If you haven’t been reading Brian Godawa’s Chronicles of the Nephilim books, you’ve been missing an unique fusion of ancient history and fantasy. Godawa begins with two premises: One, the fantastic tales from ancient history often contain kernels of truth. Two, many of the early biblical accounts leave a lot unsaid.
What was so horrible in Noah’s day that people had to be destroyed? This flood account was repeated in other Near East histories as well, though often in a much embellished and fantastic way. Why did Enoch avoid death? And in Godawa’s most recent book, was God’s chosen person Abraham that classic stereotypical, pastoral old guy? Or did God choose someone far more dynamic?
In Abraham Allegiant, Godawa puts some depth to the person we know as Abraham. Think about it, the bible tells us very little about this person. In reality, he had a life, a history. It’s like how you often know your grandparents as they are now, but not really as they were. Their life to the point you met them. Everything that happened to make them what you now see. That’s what Godawa does in all if his books, tell the stories behind the name.
This is all set against the War of the Seed as the fallen angels and their mutated giants scheme and fight to reconquer the world. The current novel, as with the rest, is replete with intrigue and battle. Abraham finds himself in the middle of this war and Godawa has managed to find ways to combine his story with those of Babel and Sodom and Gomorrah.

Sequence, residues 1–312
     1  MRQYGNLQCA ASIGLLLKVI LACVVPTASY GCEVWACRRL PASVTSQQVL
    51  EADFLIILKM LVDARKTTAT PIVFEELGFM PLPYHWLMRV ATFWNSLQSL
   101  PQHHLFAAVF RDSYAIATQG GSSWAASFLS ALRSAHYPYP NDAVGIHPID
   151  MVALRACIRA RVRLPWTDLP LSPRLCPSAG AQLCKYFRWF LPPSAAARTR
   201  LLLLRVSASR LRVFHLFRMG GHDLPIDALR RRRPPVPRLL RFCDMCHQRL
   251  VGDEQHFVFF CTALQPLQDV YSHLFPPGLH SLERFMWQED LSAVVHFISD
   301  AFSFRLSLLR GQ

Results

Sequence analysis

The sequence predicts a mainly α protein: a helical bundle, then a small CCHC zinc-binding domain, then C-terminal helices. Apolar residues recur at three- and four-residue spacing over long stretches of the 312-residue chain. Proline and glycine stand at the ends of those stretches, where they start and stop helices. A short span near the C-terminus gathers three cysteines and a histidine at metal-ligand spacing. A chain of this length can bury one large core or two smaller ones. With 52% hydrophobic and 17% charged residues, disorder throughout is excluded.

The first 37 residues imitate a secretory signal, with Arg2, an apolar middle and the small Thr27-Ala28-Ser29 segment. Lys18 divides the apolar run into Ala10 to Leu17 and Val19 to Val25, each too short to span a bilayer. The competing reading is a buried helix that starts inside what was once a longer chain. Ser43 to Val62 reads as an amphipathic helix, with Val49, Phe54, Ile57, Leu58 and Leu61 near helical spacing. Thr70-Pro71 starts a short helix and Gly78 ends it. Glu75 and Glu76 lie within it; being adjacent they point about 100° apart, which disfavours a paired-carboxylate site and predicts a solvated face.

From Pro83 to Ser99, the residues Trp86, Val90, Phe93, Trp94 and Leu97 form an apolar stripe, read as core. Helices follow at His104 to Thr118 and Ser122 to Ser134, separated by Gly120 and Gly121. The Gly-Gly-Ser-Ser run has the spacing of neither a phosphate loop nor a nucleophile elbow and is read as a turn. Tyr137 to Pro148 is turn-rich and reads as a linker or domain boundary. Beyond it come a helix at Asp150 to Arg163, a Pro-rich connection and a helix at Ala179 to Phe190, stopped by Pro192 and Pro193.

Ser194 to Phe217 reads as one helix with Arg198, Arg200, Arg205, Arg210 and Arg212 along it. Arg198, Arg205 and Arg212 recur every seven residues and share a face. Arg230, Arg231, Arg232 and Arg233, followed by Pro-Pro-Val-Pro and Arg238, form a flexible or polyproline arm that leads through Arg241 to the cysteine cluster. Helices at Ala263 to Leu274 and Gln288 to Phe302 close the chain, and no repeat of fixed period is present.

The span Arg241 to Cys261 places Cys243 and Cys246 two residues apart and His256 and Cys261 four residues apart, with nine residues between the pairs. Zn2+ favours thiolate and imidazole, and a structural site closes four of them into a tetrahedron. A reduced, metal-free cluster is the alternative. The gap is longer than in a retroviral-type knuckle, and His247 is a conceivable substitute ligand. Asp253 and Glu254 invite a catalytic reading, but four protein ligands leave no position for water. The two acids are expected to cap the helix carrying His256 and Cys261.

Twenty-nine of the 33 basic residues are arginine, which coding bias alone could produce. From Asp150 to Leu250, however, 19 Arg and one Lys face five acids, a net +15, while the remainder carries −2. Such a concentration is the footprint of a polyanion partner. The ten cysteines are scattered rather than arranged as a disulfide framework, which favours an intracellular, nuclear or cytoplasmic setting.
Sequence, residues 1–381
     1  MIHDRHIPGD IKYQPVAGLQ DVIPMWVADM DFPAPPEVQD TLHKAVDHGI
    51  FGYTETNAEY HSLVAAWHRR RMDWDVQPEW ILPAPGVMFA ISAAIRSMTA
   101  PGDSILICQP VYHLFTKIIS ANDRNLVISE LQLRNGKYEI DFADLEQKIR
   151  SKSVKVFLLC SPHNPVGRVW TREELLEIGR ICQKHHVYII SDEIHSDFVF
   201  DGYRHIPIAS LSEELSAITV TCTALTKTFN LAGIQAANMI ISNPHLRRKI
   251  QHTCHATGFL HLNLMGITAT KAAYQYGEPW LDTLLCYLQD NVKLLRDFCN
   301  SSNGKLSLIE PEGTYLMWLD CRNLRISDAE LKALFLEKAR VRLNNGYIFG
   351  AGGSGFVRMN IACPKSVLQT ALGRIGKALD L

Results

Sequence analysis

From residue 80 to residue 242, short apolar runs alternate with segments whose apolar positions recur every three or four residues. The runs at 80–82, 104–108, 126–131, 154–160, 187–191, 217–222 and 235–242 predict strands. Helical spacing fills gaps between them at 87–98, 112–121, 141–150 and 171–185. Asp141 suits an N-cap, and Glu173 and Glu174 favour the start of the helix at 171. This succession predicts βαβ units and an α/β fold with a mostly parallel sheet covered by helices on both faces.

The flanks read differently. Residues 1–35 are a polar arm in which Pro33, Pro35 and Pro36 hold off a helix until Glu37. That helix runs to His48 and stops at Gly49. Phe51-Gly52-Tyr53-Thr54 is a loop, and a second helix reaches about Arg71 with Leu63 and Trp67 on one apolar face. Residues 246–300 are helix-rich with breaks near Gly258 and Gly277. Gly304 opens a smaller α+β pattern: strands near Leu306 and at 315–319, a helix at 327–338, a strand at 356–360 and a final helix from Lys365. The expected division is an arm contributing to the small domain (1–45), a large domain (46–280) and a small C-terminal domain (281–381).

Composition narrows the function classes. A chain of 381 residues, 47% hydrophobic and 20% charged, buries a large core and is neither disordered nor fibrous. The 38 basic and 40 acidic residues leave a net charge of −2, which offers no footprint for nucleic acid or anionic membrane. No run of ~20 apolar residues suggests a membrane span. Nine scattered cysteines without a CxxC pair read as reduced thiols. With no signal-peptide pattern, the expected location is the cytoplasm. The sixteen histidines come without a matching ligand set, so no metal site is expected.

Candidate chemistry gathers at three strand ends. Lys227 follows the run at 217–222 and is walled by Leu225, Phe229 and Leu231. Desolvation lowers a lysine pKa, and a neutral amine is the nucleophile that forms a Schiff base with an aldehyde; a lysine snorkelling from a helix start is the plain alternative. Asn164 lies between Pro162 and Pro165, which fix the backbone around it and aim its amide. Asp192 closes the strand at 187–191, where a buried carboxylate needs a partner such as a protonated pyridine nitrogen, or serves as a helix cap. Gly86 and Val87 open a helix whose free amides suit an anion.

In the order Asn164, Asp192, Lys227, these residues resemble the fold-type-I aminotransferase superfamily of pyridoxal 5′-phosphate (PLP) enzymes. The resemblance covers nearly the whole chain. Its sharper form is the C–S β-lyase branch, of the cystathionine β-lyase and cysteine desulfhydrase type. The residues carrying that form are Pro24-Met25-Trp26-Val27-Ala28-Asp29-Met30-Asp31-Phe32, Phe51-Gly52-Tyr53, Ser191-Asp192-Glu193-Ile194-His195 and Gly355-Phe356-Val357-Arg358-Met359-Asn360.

If this all sounds too biblical for you, rest assured, this isn’t what would be considered stereotypical “Christian fiction.” Godawa attempts to bring a level of realism not often found in that genre, but not going overboard like some other writers may be inclined. As he writes on his site, he uses the descriptions and realism level in the bible as a guide. So the content of his books may surprise readers ready to write it off as “just” biblical inspired fiction. It will probably also bother those not as familiar with the bible as they think they are. They may also object that Godawa is creating parts of these stories that are unknown to us. Such objections are silly as Godawa isn’t writing history here, nor claims to be doing so. We shouldn’t be so fragile as to not allow ourselves to imagine how events unknown may have happened.
Some of the humor seems goofy in an anachronistic way, but action and characters only continue to get better. It is always dangerous for an author to give away too much in the “author’s notes” section (or Godawa’s Appendices), but it works well here. Perhaps because it doesn’t make his story seem as fictionalized as one might suspect. His combining in this book of what are usually considered widely separated events works well for his story, but I’m sure many scholars will challenge the basis for his choices.
These books are a hybrid of historical fiction and fantasy. They will appeal to a broad swath of readers, especially if you are looking for something new and fresh. As always, it is best to start at the beginning of the series.
So leave your apprehensions and misconceptions behind and choose a side in the War of the Seed.